the number of accelerators that power TOP500 systems has increased from
three in mid- 2008 to nineteen by mid-2011. But these numbers do not
exactly support the notion of a rapid adoption of streaming
multiprocessor accelerators and the adoption rate of these accelerators
by the HPC mainstream has been even slower.

Why is this new technology adopted at a slower rate than previous
disruptive technologies? The introduction of hybrid architectures poses
software challenges that are similar to those associated with previous
paradigm shifts. There is the obvious and inevitable issue that some
algorithms are not well suited for the SIMD execution model streaming
multiprocessor accelerators have been optimized for. Even for
algorithms that lend themselves well to being ported the learning curve
is steep, expertise is scarce and legacy code is often not well

What is different this time is that programmers can no longer stay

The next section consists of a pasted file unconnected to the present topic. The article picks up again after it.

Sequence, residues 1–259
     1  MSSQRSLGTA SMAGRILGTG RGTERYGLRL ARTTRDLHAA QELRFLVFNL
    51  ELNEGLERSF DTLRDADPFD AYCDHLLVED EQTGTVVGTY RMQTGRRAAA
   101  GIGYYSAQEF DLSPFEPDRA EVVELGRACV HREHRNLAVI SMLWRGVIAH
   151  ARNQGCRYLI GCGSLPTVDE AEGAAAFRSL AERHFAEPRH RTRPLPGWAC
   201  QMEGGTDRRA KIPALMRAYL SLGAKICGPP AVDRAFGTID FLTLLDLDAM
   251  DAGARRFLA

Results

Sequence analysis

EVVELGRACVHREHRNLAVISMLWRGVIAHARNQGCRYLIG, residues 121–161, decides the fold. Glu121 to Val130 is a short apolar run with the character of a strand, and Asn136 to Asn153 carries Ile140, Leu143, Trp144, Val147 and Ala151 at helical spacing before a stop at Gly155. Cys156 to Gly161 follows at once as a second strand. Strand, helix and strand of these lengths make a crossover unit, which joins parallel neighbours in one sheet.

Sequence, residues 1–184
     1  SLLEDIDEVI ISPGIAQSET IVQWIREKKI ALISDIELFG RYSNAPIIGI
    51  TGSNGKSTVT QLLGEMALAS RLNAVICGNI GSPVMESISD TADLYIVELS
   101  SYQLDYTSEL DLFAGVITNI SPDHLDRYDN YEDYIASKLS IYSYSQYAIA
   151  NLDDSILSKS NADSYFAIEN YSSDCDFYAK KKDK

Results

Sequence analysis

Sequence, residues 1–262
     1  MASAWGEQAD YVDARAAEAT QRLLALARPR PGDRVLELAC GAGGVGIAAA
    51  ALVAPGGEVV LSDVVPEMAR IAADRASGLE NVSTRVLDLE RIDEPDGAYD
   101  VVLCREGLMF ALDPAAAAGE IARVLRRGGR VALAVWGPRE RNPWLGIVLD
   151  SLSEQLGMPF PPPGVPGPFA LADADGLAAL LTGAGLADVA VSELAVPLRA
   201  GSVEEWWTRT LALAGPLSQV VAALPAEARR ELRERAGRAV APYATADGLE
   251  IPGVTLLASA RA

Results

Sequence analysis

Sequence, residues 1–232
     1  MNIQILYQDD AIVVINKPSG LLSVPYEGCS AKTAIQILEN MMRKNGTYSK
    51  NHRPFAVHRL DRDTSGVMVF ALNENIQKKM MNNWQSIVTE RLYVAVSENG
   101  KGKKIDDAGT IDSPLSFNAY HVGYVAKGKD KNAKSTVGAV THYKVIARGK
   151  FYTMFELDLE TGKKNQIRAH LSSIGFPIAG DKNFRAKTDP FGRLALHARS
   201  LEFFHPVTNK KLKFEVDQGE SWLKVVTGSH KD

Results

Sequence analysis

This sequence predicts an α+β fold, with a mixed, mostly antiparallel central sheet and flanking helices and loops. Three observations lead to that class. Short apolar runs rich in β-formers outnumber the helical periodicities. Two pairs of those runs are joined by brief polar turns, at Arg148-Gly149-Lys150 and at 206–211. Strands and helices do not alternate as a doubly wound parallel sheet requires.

hardware agnostic. They have to develop for an accelerator type and be
very aware of the respective hardware architecture. There are no
software tools and programming models that enable developers to write
code that can be easily ported to run on accelerators platforms from
multiple vendors. As a consequence, there is also a lack of commercial
applications supporting these accelerators. Software vendors have not
yet fully committed to this technology, as no clear winner has emerged
and development for all accelerators is cost prohibitive. A quote by
Intel’s Tim Mattson makes the point; “We stand at the threshold of a
many-core world. The hardware community is ready to cross this
threshold. The parallel software community is not.”

Providing standardized syntax and semantics, OpenCL is a step towards
portability. However, OpenCL is a low-level language and OpenCL code
tuned for a single architecture, will most likely run with poor
performance, or not at all, on another. Another approach to a common
programming model for streaming multiprocessor accelerators is based on
standardized compiler directives. The OpenMP Architecture Review Board
is currently considering the addition of directives and library routines
to enable support for streaming multiprocessor accelerators for version
four of the OpenMPI API specification. Integrating a new programming
model with existing compiler technology, based on traditional
latency-optimized processors, will be a daunting task for compiler